IDF Censor Seeks Possible Phantom Leaker | WHAT REALLY HAPPENED

IDF Censor Seeks Possible Phantom Leaker

Haaretz’s managing editor, Aluf Benn, published a series of articles (this is the main one) about an ill-fated Israel-Iran oil venture, the Eilat-Ashkelon Pipeline Company (EAPC), that began in 1968 and ended in 1979, just after the Iranian Revolution. The most criticial part of the project was a pipeline running from Eilat to the major Israeli port of Ashdod. The Shah agreed to ship his oil via the pipeline, thus avoiding the Suez Canal, and then transport it, via tankers jointly owned by the venture, to Europe. Israel received approximately $200-million in oil from Iran before the Shah’s regime collapsed and Iran withdrew from the venture.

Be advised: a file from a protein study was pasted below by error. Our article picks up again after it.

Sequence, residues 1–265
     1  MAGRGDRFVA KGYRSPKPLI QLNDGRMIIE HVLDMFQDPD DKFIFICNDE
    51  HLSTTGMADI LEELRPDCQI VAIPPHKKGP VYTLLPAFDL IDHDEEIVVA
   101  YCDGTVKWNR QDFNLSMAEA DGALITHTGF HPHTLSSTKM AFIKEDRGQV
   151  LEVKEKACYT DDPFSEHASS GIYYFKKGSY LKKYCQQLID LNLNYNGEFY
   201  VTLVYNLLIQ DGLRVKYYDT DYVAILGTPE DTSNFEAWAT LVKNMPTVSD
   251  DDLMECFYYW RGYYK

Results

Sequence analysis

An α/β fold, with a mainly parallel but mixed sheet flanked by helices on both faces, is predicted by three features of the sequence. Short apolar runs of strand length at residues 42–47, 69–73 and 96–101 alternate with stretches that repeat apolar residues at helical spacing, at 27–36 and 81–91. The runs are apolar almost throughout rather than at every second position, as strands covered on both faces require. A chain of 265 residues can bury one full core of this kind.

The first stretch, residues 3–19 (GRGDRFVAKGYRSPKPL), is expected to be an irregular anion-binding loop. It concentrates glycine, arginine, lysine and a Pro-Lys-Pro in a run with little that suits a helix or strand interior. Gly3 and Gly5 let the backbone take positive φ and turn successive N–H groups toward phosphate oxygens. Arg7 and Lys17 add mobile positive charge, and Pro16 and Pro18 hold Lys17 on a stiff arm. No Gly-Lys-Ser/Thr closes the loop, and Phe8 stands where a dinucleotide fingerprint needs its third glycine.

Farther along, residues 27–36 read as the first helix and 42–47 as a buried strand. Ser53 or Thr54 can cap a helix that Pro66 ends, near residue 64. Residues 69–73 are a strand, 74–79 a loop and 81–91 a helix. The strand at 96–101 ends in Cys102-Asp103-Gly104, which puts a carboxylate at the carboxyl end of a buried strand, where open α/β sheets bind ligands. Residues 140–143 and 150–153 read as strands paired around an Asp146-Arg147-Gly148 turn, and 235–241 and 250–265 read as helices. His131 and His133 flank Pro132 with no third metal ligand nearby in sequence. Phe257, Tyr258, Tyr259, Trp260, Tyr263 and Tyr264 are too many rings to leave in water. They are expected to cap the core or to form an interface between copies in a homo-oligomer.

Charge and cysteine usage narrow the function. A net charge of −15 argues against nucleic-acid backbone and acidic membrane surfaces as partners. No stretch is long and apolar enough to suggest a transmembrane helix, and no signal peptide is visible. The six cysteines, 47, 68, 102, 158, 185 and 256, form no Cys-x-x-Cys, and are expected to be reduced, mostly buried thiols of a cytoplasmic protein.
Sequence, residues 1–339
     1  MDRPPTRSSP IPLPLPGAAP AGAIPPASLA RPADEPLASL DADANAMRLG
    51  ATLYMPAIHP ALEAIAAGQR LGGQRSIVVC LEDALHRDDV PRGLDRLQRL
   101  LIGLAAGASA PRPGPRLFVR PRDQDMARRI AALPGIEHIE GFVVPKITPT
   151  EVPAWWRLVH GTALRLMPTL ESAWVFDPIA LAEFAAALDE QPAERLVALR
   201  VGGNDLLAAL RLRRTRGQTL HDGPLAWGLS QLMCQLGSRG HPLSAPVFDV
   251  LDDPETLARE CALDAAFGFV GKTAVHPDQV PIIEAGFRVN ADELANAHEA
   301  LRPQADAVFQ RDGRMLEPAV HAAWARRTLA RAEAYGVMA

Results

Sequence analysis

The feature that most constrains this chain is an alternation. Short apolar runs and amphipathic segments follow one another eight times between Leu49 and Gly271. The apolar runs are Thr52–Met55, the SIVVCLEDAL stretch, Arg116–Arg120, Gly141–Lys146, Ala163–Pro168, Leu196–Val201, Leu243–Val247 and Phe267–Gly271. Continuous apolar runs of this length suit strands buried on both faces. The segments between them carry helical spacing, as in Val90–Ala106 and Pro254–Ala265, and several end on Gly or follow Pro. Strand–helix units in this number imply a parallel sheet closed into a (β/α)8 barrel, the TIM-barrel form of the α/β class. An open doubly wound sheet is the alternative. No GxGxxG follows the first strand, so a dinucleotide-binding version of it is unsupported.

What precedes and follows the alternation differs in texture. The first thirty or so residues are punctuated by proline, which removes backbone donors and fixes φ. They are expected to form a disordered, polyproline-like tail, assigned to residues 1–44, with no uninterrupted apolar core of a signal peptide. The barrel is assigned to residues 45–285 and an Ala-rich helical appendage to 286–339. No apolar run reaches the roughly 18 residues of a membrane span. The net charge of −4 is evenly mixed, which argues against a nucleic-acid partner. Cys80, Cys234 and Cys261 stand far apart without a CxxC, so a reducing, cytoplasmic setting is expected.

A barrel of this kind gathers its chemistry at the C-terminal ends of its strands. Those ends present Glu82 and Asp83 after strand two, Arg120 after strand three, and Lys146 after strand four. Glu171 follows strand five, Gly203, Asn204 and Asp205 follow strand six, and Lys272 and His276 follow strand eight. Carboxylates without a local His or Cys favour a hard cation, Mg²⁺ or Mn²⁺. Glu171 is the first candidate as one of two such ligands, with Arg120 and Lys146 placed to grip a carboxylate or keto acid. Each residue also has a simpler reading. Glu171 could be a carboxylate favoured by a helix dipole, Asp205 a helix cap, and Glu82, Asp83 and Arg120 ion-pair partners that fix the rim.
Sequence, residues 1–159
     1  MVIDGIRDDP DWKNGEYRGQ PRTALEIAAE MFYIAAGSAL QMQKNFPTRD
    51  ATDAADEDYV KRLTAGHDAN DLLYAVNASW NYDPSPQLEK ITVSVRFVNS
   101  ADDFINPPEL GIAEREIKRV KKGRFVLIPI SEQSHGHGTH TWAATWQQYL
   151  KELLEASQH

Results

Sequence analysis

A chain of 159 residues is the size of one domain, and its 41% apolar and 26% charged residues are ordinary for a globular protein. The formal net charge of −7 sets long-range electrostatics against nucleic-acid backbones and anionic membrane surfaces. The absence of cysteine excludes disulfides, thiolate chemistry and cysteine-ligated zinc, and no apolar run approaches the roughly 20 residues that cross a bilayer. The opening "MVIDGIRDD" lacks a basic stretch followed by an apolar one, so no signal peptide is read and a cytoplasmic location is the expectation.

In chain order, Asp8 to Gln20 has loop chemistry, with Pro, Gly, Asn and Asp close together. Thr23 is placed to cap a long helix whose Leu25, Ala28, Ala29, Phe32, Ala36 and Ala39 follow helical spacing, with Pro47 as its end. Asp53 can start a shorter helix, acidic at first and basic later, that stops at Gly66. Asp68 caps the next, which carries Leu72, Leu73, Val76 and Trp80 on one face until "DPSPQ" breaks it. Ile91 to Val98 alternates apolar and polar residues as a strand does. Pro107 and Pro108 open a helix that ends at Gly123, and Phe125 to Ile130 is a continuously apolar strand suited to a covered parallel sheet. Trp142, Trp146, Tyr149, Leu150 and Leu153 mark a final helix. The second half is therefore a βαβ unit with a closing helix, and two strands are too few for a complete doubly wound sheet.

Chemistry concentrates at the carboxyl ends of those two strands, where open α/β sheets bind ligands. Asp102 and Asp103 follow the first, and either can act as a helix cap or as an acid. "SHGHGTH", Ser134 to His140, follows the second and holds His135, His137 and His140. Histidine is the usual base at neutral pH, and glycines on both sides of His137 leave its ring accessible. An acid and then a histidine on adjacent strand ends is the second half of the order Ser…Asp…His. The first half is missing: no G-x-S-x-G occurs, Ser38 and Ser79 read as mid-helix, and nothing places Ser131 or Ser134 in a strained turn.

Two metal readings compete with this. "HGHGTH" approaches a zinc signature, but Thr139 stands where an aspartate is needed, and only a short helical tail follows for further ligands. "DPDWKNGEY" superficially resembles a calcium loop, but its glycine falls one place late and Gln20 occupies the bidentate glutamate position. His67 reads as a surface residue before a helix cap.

At a cabinet meeting in 1979, the Begin government decided to refuse to pay Iran for its share of the venture, even though the agreement spelled out that both nations were 50-50 partners. Instead, it opened a bank account with Bank of Israel into which it deposited $250-million. That account has existed ever since then, but in secret. Benn was the first journalist to expose its existence and describe which government officials managed it. He also noted, based on public government financial reports, that at various times major portions of the proceeds were withdrawn and used for unknown purposes. After these withdrawals, some or most of the funds were replenished by new deposits.